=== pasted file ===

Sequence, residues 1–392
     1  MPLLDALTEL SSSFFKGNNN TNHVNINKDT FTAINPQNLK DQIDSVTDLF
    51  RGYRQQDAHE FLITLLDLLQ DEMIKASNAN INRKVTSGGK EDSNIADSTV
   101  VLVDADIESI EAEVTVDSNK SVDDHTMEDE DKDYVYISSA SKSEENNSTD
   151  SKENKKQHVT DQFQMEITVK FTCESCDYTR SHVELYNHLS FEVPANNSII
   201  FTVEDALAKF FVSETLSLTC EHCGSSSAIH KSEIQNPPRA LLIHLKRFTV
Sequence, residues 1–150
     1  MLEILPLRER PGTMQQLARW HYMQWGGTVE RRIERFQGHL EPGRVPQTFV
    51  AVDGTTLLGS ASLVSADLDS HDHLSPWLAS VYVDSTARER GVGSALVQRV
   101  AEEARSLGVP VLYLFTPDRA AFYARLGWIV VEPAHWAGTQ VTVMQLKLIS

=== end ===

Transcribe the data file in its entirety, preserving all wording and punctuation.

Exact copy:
Sequence, residues 1–392
     1  MPLLDALTEL SSSFFKGNNN TNHVNINKDT FTAINPQNLK DQIDSVTDLF
    51  RGYRQQDAHE FLITLLDLLQ DEMIKASNAN INRKVTSGGK EDSNIADSTV
   101  VLVDADIESI EAEVTVDSNK SVDDHTMEDE DKDYVYISSA SKSEENNSTD
   151  SKENKKQHVT DQFQMEITVK FTCESCDYTR SHVELYNHLS FEVPANNSII
   201  FTVEDALAKF FVSETLSLTC EHCGSSSAIH KSEIQNPPRA LLIHLKRFTV
Sequence, residues 1–150
     1  MLEILPLRER PGTMQQLARW HYMQWGGTVE RRIERFQGHL EPGRVPQTFV
    51  AVDGTTLLGS ASLVSADLDS HDHLSPWLAS VYVDSTARER GVGSALVQRV
   101  AEEARSLGVP VLYLFTPDRA AFYARLGWIV VEPAHWAGTQ VTVMQLKLIS